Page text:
Adventure Time: Together Again fills the void of The Good Place
[Ed. note: This essay contains significant spoilers for Adventure Time: Distant Lands — Together Again and The Good Place.]
Let’s get something out of the method: In the most recent HBO Max Experience Time unique, series stars Jake the canine and Finn the human are dead.
This isn’t a big plot twist. The unique actually starts with the discovery that the characters are dead, total with a title card hammering the point house. Jake passed away previously, considering that he’s a pet dog, with a restricted life expectancy. Finn, who has just just recently passed away, need to explore the various levels of the land of the dead to discover his old good friend. Each level is a different little pocket universe, like a rich green garden or a sticky quagmire. However while the “separate tiers of the afterlife” idea is similar to the underworld’s layers in Greek folklore, or the circles of hell in Dante’s Inferno, where each concrete level has a various schtick, depending upon how great or bad you remained in life, Experience Time’s method to the land of the dead in fact handles a more poignant taste.
The way Adventure Time handles what comes after death is actually reminiscent of the way The Good Place dealt with the same issues. The specificities aren’t the same (especially when it comes to “bad” people), but they both center around two core ideas: the best thing we can hope for in the afterlife is a little extra time with the people we love, and ultimately, no matter how perfect a paradise may be, it’s better if what happens after death is something we can’t comprehend. These two concepts weave together nicely in both shows, creating a idea of an afterlife that isn’t centered around eternal riches.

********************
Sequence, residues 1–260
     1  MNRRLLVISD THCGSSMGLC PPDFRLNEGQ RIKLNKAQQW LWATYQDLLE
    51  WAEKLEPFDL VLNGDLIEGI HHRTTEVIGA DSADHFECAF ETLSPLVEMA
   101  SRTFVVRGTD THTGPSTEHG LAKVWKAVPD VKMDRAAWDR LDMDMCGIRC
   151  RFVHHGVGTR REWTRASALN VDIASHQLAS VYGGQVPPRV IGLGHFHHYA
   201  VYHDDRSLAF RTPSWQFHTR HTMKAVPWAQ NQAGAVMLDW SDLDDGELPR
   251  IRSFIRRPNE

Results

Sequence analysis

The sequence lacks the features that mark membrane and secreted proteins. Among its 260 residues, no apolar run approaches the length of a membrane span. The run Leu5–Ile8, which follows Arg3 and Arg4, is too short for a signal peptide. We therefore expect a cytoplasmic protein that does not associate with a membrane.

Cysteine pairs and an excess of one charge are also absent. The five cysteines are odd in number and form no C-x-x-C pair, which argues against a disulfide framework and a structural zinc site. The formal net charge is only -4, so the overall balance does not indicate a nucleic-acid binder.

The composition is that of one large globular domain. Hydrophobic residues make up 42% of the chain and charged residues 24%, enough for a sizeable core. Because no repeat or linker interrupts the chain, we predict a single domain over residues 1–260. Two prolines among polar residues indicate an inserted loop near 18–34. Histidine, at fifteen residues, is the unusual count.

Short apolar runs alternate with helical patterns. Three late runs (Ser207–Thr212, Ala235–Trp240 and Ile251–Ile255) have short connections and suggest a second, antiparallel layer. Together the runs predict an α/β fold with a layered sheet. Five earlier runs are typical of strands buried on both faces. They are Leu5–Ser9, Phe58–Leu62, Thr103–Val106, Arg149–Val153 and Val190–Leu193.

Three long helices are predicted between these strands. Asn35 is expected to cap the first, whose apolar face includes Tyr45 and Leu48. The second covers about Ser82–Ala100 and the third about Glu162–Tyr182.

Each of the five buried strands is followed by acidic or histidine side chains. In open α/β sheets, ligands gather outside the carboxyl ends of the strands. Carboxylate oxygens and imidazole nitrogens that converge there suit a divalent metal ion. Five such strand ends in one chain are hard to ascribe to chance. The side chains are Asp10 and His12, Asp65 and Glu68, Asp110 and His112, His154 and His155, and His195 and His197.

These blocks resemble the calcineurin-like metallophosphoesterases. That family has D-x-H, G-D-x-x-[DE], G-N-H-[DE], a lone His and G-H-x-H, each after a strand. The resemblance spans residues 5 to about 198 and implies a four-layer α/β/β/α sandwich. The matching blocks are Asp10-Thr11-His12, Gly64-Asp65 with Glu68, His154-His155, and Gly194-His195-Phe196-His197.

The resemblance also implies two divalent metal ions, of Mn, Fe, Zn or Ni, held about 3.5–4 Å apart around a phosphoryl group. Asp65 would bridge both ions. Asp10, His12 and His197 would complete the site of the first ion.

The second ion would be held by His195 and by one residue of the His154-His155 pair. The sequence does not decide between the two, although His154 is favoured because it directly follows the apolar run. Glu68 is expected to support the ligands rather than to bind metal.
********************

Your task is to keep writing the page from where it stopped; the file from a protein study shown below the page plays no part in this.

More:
It’s hard to craft a fictional afterlife. Or rather, it’s hard to craft a fictional paradise. Certainly, it’s easy to think of what might await us in a tortuous pit of despair, but trying to come up with a form of eternal bliss that won’t get tiresome after a century or so is surprisingly hard.
The final few episodes of The Good Place interrogate this notion of a fallible paradise. When Eleanor (Kristen Bell), Chidi (William Jackson Harper), Tahani (Jameela Jamil), and Jason (Manny Jacinto) finally make it to the coveted good place, they learn that it’s actually not that great. Sure, it’s full of endless parties and unicorns and whatever else your heart could desire, but as Hypatia of Alexandria (Lisa Kudrow) shares, after a few hundred years, that all gets real old.
The solution? Leaving it behind. As Eleanor realizes, vacation is only special because it ends. And so demon architect Michael (Ted Danson) opens a door into the universe, designed for inhabitants of the good place to step through once they’re ready. What that ready is never really gets defined concretely, because it’s different for every person. There comes a time, after centuries of living the good (after) life, where each character feels ready to move on. The kicker is that no one knows what happens when you walk through that door. With The Good Place, creator Mike Schur crafted a detailed afterlife that evolved and shifted as the main characters fought for the entirety of humanity — but in the end, their final fate remains unknown.